Points of Interest:
- See a rare natural community, a bottomland prairie.
- Marvel at the productivity of prairie cordgrass or ripgut.
Natural Features Description: Prior to the construction of the Bates County Drainage Ditch in the early 20th century, wet bottomland prairies and associated wetland communities were common along the floodplain of the Marais des Cygnes river. Historically over 700,000 acres of bottomland prairie occurred in Missouri. Today less than 3,000 acres remain. Because these bottomland prairies are so fertile for row crops when artificially drained and protected from flooding they have been nearly completely plowed for row crops.
Here prairie cord grass dominates. Prairie cord grass is a tall (six to eight feet) native warm-season grass that spreads rapidly by coarse, woody rhizomes. Cord grass is a facultative wetland species meaning it is usually found in wetlands (67–99 percent of the time) but is occasionally found in nonwetlands. Reproduction is typically by rhizomes, which occupy the surface six to ten inches of soil. Roots can extend eight to eleven feet deep. Seed production is typically poor. Seedlings need bare areas as they are shade intolerant. Seedlings develop rapidly to avoid the frost-heaving problems of wet soils. Up to three hay cuttings per season can be obtained and production can be as much as 3 to 5 tons per acre. Native Americans used cord grass for thatching lodges and early Euro-American settlers used it for roof thatching. Cord grass works well for protecting water ways and slowing erosion. Duck hunters have long used cut cord grass for duck blinds. Early settlers called cordgrass “ripgut” because of the serrations on the grass leaves that could cut the bellies of livestock running through it.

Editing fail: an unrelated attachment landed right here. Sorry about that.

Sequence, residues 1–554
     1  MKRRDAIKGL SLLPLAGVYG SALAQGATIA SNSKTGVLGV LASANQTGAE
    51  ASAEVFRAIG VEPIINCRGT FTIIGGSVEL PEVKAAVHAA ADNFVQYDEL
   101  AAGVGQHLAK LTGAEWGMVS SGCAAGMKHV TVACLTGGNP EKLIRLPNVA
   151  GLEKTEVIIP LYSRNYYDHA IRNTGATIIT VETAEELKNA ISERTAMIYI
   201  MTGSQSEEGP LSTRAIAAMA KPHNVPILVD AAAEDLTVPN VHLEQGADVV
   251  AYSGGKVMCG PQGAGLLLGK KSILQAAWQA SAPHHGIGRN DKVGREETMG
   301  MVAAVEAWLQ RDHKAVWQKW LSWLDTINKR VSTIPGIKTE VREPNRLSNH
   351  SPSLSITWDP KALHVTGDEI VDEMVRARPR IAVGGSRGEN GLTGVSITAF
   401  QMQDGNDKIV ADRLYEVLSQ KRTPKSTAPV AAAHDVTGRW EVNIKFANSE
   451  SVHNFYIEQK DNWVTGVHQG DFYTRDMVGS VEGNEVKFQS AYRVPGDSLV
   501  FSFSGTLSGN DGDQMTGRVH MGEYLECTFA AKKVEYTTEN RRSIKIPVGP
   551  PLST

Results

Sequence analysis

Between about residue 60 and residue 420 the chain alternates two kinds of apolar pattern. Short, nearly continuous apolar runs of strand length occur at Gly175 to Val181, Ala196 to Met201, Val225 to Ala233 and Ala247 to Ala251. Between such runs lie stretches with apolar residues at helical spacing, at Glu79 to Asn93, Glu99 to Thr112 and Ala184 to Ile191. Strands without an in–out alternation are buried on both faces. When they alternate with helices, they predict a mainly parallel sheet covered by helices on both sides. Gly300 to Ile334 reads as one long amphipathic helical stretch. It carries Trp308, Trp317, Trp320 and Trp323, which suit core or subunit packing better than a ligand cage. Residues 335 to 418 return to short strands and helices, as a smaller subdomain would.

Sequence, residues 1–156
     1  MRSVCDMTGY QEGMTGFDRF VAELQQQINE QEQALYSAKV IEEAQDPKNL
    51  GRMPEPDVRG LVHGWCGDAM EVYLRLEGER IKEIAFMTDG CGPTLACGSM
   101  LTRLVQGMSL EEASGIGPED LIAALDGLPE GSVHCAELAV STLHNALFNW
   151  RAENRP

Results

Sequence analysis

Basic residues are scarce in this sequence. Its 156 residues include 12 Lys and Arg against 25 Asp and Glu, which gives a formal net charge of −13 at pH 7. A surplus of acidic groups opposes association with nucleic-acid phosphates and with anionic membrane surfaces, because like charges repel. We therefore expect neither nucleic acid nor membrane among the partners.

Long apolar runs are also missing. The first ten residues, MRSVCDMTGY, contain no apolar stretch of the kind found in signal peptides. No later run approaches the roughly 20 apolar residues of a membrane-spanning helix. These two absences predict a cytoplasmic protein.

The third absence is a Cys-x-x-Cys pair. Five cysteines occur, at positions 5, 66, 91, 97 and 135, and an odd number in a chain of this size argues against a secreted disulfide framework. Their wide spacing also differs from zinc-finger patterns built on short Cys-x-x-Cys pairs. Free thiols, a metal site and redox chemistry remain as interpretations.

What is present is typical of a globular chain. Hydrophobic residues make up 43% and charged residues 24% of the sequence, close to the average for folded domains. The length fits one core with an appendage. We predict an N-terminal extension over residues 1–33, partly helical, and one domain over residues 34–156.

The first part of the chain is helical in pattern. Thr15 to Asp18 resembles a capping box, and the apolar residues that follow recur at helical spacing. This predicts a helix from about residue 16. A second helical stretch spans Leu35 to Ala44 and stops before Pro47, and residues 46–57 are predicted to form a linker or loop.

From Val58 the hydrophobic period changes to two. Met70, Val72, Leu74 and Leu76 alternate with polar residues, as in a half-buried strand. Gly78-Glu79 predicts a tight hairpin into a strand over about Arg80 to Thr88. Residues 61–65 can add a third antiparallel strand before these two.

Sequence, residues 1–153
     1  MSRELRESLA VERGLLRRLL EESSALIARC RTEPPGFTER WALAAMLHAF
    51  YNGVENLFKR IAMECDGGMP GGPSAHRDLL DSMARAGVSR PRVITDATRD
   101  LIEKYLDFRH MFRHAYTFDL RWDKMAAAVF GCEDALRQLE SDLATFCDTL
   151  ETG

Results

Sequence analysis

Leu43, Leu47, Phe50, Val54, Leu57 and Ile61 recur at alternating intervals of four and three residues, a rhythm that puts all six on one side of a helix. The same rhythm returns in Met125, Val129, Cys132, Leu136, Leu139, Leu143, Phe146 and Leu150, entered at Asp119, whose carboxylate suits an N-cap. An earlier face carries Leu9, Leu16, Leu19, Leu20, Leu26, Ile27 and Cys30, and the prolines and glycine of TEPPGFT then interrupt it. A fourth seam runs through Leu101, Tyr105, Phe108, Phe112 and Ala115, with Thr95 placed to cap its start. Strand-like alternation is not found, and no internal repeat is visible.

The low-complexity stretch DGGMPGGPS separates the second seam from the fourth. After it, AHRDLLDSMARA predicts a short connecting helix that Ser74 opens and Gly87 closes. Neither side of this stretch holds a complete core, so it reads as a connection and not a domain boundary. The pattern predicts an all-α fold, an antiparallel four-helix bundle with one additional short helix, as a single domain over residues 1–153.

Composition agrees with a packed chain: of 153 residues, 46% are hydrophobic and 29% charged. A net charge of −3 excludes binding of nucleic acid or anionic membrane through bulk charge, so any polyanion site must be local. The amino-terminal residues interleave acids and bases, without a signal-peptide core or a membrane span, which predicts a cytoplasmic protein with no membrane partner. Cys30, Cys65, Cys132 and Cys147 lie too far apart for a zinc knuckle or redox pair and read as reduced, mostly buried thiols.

But the wet prairie is more than cordgrass. Sullivant’s milkweed and swamp milkweed provide blooming flowers that attract butterflies and other insects. The milkweeds also provide food for Monarch butterfly caterpillars. In the late summer and fall the golden yellow blooms of sawtooth sunflower and beggarticks (Bidens species) enliven the prairie. A number of sparrow species use the area throughout the year for food and cover.
Go a third mile east of Rich Hill on Highway B then turn left (north) on to County Road 515 (gravel). This road goes north 0.5 mile, then turns east for 0.5 mile, then turns north and goes a quarter mile to a “T” intersection. Continue north on the unmarked gravel road for another quarter mile to the parking lot. Hunting and fishing are permitted. A map is recommended to explore the area.